In any case, there are points to be gleaned from the alternative stories of Richard and Bolingbroke. As much as Richard and Bolingbroke both may realize that politics is a show, Bolingbroke has a greater understanding that the show must be acted in, that actions seen or unseen have consequences within the drama of even minor political acts. The whole world indeed is like a stage, but the world of politics is a more meta-theatrical stage, where the actors do all realize that they are, to some extent, acting. It is not for no reason that modern politicians often willingly acknowledge the maxim that politics is “show business for ugly people.” The politics of royalty, of course, always involved an element of show business, of assumed status of noble office. He who played well, like Bolingbroke, reaped rewards. Royalty is the reality of he who best upholds the necessary illusions.

 

 

 

In terms of Shakespeare’s tricks of character, and the characters’ own tricks with language, another father-son pair in Richard II begs a look. York is John of Gaunt’s brother, and ultimately the longest surviving of King Edward’s seven sons; York is the father of his nephew King Richard II’s friend, the Duke of Aumerle.

In the first scene in which York appears, he is with the dying Gaunt. Very early in the scene, York speaks to Gaunt pessimistically about the state of England, and of Richard’s ability to take counsel; he offers the remarks in the form of an odd sonnet, though it’s not a traditional Shakespearean or Petrarchan sonnet (II.i.17-30). Shakespeare in that same scene gives the audience very quickly an impression of York as exactly what he is – not just a guy who will speak in a somewhat quaint manner, but a loyalist to the crown, and to the royal family, through and through. Shakespeare does fail, it should be said, in disguising that he was trying to quickly provide language and sketch out this relatively “flat” character. In the same scene, York says, “The King is come; deal mildly with his youth, / For young hot colts being raged do rage the more.” This line is just watered-down Marlowe.[2] York, however, does become more eloquent as he becomes more impassioned. Once Richard’s behavior around the dying Gaunt piques his ire, Shakespeare grants York a strong blank verse (II.i.163-208).

Aumerle ultimately ends up politically on a different side from his father, but he too is fiercely loyal, and he too is a quick sketch for Shakespeare. Whether counseling Richard or begging Bolingbroke’s pardon, he speaks in short lines, with precise but unadorned language. The pragmatic split in character between Aumerle and York is fascinating, particularly when viewed in parallel with the even greater fundamental character differences between Gaunt and Henry Bolingbroke. A father-son resemblance is clear, but the difference is starkest in terms of values: Gaunt truly does have a loyalty to state and to the royal family at large that is as great as his loyalty to the interests of himself and his immediate family; Bolingbroke is foremost concerned, by far, with his own personal interest. With York and Aumerle, the contrast is most stark in terms of the principle behind their loyalties. York remains faithful to the crown, regardless of whether Henry Bolingbroke’s coup was justified or necessary. (He apparently is willing to forget that Bolingbroke had told him the return to England was only to reclaim his father’s property.) Aumerle remains faithful to his friend Richard and his ongoing claim to the throne.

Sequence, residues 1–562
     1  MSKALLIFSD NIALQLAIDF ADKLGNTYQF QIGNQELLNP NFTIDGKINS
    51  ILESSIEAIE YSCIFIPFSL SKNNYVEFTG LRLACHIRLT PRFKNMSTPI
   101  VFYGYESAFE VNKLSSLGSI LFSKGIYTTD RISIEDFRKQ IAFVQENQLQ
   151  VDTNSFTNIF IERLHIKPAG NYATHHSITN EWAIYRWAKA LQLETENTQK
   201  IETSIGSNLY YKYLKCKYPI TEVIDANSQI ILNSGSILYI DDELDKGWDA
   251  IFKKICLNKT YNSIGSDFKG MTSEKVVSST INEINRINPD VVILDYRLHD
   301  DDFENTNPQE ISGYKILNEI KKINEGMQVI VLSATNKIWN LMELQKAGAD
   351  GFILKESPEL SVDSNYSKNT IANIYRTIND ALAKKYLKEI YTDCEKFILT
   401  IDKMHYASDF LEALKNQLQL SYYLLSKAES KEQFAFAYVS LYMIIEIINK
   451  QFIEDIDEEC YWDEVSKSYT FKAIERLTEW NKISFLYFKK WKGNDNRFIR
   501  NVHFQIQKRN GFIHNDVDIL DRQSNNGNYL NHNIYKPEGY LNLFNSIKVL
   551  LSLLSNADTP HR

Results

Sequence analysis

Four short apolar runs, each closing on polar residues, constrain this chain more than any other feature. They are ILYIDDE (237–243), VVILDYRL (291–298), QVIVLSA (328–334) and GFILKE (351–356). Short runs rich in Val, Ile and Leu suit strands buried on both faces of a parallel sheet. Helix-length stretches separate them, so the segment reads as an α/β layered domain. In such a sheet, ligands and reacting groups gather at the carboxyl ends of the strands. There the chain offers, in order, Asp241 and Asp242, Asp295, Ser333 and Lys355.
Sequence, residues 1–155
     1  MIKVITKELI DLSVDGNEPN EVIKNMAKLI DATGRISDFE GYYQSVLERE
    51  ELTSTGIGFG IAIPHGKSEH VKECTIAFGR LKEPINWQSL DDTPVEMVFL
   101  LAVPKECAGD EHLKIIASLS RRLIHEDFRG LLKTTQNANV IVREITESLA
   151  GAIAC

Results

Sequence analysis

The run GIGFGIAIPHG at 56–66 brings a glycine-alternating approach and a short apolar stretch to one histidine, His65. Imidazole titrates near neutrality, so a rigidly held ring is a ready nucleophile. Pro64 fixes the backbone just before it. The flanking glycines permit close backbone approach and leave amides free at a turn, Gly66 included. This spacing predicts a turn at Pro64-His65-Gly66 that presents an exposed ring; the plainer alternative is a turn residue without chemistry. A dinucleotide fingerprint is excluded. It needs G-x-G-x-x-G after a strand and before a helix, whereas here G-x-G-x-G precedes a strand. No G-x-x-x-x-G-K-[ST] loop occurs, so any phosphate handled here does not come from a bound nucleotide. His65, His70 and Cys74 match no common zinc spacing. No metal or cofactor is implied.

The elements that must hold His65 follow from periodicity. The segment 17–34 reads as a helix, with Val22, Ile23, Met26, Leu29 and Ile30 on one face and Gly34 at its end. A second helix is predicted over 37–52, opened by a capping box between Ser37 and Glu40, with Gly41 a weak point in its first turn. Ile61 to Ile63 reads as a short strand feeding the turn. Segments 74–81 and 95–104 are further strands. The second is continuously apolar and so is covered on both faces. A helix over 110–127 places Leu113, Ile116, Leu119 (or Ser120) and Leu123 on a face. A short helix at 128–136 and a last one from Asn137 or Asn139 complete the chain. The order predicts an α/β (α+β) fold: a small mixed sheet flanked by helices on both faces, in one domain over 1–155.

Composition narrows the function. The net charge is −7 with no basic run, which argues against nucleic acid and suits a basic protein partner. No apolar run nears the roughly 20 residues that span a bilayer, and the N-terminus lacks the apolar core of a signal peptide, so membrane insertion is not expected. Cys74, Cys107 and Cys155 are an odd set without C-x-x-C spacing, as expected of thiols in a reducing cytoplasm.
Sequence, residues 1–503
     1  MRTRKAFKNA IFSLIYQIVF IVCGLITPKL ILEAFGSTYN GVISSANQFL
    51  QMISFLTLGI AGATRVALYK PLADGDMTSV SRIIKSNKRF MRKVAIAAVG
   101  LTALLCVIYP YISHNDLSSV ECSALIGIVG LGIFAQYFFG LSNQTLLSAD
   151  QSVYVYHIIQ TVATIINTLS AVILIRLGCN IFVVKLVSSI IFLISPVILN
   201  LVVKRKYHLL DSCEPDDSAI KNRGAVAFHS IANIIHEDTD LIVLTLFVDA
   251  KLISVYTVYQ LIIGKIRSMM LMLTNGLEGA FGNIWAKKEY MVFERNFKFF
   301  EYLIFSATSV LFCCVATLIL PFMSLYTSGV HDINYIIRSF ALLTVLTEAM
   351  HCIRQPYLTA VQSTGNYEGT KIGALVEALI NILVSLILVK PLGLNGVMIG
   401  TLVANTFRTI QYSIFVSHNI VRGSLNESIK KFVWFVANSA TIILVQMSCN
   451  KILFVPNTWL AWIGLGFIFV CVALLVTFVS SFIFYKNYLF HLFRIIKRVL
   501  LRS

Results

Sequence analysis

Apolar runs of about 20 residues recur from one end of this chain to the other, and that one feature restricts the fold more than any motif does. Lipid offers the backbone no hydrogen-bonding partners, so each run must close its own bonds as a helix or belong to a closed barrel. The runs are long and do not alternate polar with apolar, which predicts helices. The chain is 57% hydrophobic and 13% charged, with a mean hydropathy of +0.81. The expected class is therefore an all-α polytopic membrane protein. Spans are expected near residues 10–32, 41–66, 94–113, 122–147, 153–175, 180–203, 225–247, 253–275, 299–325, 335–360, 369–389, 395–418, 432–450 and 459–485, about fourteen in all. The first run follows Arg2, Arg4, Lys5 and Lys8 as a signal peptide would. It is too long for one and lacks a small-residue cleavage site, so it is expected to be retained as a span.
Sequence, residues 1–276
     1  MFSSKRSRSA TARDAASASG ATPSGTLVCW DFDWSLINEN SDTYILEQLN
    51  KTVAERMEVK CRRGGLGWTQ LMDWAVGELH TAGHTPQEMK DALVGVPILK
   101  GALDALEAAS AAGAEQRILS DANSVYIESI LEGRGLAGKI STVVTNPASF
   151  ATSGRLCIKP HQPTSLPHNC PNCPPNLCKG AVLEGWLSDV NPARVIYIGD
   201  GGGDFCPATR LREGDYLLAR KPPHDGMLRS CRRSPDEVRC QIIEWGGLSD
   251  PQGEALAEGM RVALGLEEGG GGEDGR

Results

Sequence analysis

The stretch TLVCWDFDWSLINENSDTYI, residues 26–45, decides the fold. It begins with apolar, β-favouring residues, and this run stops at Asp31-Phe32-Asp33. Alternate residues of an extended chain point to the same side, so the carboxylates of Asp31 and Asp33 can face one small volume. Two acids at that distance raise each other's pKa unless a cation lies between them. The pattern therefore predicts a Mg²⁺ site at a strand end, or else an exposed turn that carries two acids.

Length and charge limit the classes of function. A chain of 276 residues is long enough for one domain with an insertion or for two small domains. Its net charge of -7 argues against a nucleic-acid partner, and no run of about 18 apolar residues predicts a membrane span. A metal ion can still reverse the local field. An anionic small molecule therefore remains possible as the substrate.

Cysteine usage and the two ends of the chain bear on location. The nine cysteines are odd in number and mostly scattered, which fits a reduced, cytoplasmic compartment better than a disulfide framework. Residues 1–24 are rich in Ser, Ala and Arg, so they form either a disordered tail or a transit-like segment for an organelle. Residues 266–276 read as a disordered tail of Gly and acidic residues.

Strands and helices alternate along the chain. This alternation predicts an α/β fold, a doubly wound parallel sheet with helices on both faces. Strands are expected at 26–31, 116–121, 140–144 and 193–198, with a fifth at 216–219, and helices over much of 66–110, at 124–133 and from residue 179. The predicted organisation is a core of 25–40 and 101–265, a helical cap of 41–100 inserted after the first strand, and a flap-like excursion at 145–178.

One obvious conclusion to take from these two father-son relationships is that sons are of their fathers, but not the likeness of their fathers. This has sure pertinence to the question of true nobility, and of royalty. If heredity does not maintain quality of character, then should should royalty be hereditary? And if this is consistent with the notion that royalty, as said before, is the reality of he who best upholds illusions, is Shakespeare actively suggesting that there’s a justice to the Machiavellian processes of the New State? Then again, if royalty is the reality of he who maintains illusions, what better illusion is there than heredity? This question does have reasonable answers – perhaps merit, perhaps effortlessness, or perhaps to the contrary thoroughness of effort – but whether any best answer exists is, well, questionable. One can say that in modernity, and in the Early Modern world of the Renascence, royalty certainly has the highest rewards of any occupation, but, given that royalty is indeed an occupation, requiring a type of quotidian labor towards the aforementioned maintenance, there’s nothing royal about it.